The War Against the South and Its Consequences

The Civil War was one of the most momentous events in American history, not only for its inherent drama and destruction, but because of the fateful consequences for America that flowed from it.

We have said above that the War of 1812 had devastating consequences for the libertarian movement; indeed, it might be said that it took twenty years of devotion and hard work for the Jacksonian movement to undo the étatist consequences of that utter failure of a war. It is the measure of the statist consequences of the Civil War that America never recovered from it: never again was the libertarian movement to have a party of its own, or as close a chance at success. Hamiltonian neo-Federalism beyond the wildest dreams of even a J.Q. Adams had either been foisted permanently on America, or had been inaugurated, to be later fulfilled.

Let us trace the leading consequences of the War Against the South: there is, first, the enormous toll of death, injury, and destruction. There is the complete setting aside of the civilized "rules of war" that Western civilization had laboriously been erecting for centuries: instead, a total war against the civilian population was launched against the South. The symbol of this barbaric and savage oppression was, of course, Sherman’s march through Georgia and the rest of the South, the burning of Atlanta, etc. (For the military significance of this reversion to barbarism, see F.J.P. Veale, Advance to Barbarism). Another consequence, of course, was the ending of effective states’ rights, and of the perfectly logical and reasonable right of secession – or, for that matter, nullification. From now on, the Union was a strictly compulsory entity.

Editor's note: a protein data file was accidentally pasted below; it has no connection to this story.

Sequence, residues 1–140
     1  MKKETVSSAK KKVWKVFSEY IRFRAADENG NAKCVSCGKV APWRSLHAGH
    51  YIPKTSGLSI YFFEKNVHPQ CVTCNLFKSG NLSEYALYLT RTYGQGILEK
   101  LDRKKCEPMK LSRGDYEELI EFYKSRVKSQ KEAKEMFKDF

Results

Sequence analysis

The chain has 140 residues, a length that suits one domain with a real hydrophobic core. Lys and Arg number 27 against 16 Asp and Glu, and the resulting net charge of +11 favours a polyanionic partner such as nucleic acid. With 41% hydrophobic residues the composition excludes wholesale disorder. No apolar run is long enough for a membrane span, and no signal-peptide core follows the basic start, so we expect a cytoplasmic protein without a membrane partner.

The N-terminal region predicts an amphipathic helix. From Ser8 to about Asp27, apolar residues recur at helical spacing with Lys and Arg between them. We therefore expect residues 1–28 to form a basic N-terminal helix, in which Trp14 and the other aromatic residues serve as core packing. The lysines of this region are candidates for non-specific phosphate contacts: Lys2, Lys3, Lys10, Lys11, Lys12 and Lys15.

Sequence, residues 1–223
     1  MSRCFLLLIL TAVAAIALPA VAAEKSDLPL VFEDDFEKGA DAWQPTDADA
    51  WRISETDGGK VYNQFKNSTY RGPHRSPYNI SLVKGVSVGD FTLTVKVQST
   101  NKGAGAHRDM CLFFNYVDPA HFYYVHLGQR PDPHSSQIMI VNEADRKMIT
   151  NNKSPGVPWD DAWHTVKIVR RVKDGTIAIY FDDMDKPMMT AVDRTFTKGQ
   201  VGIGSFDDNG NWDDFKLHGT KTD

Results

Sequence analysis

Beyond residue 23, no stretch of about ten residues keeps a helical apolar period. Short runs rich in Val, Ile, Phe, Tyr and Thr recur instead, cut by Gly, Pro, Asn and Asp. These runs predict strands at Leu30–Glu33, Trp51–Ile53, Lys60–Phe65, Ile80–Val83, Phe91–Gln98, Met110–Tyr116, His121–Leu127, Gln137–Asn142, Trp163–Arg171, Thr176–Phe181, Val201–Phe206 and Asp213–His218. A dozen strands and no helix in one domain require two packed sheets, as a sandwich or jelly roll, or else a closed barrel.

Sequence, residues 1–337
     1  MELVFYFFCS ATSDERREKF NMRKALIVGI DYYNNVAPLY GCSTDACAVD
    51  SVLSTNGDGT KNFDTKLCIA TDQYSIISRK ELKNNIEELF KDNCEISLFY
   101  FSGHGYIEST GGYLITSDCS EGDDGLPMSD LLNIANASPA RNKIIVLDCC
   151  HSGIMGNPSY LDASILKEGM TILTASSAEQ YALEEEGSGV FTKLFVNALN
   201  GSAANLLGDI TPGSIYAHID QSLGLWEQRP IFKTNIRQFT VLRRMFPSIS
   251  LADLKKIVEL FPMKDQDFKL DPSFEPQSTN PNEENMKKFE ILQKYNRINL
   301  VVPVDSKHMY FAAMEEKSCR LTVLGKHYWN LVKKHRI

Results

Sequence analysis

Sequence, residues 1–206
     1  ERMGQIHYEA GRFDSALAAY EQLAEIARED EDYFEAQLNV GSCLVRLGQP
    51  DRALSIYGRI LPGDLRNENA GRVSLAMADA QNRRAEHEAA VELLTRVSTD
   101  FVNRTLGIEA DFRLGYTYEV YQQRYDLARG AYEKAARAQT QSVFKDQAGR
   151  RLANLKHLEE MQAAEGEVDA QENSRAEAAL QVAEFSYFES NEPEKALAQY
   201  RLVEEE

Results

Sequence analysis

Further, the Civil War foisted upon the country the elimination of Jacksonian hard money: the greenbacks established government fiat paper, which it took 14 long years to tame; and the National Bank Act ended the separation of government from banking, effectively quasi-nationalizing and regulating the banking system, and creating an engine of governmentally sponsored inflation.

So ruthlessly did the Lincoln administration overturn the old banking system (including the effective outlawing of state bank notes) that it became almost impossible to achieve a return – impossible that is, without a radical and almost revolutionary will for hard money, which did not exist. On the tariff, the virtual destruction of the Democratic Party led to the foisting of a high, protective tariff to remain for a generation – indeed, permanently, for the old prewar low tariff was never to return. It was behind this wall of tariff-subsidy that the "trusts" were able to form. Further, the administration embarked on a vast program of subsidies to favored businesses: land grants to railroads, etc. The Post Office was later monopolized and private postal services outlawed. The national debt skyrocketed, the budget increased greatly and permanently, and taxes increased greatly – including the first permanent foisting on America of excise taxation, especially on whiskey and tobacco.